Contact us 24/7 818.306.3985

Does a Victim of Domestic Violence Have to Testify against the Defendant?

In California, the answer is a resounding "no". A vicitm of domestic violence (and victims of sexual assualt) are immune from imprisonment or confinement for refusing to testify regarding acts of domestic violence persuant to Cal. Code of Civ. Pro. s. 1219. However, this does not fully answer the above question.

Victims of domestic violence may be subpoenaed to appear to testify in a domestic violence case. When subpoenaed, victims of domestic violence must appear in court as compelled. If a victim fails to appear in Court as required from a duly served subpoena, he or she is subject to contempt and imprisonment or confinemnent for not appearing, simply because the statute only immunizes victims from testifying about domestic violence; not for otherwise failing to comply with other court orders (subpoenas are court orders, even when issued by clerks and attorneys). Arguably, victims of domestic violence are, likewise, subject to contempt of court and imprisonment or confinement for refusing to testify regarding issues collateral to the domestic violence offense. So, technically, a victim could be compelled to testify regarding where he or she lives, the defendant's character (if appropriate) or other issues, but is able to refuse to testify regarding the offense-specific facts.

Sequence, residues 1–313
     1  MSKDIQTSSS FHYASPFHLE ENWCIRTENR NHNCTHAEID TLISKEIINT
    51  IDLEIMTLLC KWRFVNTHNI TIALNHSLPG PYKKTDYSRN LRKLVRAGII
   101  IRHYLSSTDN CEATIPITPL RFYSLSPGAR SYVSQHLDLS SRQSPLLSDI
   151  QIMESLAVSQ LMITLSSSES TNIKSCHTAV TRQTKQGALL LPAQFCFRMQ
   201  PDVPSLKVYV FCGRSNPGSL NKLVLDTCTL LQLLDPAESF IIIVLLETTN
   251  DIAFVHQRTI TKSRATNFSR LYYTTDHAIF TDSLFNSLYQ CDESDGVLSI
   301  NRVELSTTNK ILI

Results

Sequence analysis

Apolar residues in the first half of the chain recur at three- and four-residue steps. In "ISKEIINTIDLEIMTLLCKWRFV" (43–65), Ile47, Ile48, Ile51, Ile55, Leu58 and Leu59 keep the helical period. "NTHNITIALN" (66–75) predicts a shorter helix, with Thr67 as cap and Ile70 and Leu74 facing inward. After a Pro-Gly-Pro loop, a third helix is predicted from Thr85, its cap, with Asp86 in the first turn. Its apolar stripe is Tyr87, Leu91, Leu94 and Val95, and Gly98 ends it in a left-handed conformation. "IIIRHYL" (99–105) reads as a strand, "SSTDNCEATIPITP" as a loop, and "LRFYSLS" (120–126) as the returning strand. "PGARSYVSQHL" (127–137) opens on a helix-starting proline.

Also, while the Court cannot imprison or confine a victim of domestic violence for refusing to testify regarding the offense, the Court can use its other contempt powers, e.g. to fine the victim monetarily, for refusing to testify. So, the victim of domestic violence should give serious thought to how he or she wishes to proceed and what penalities he or she is willing to absorb to assist the defendant or otherwise avoid being in the spotlight to discuss the offense.

Often victims of domestic violence will look to the Defendant's counsel for direction or may even be contacted by defense counsel to discuss the victim's plan relating to his or her testimony. While there is absolutely nothing wrong with defense counsel contacting or discussing the victim's plans with him or her, it would be inappropriate for defense counsel to provide legal advice to the victim as to whether to testify. There is an inherent conflict of interest for an attorney representing the defendant and providing legal advice to the victim in the same such case. If the victim wishes to know his or her rights and risks, he or she should contact independent counsel.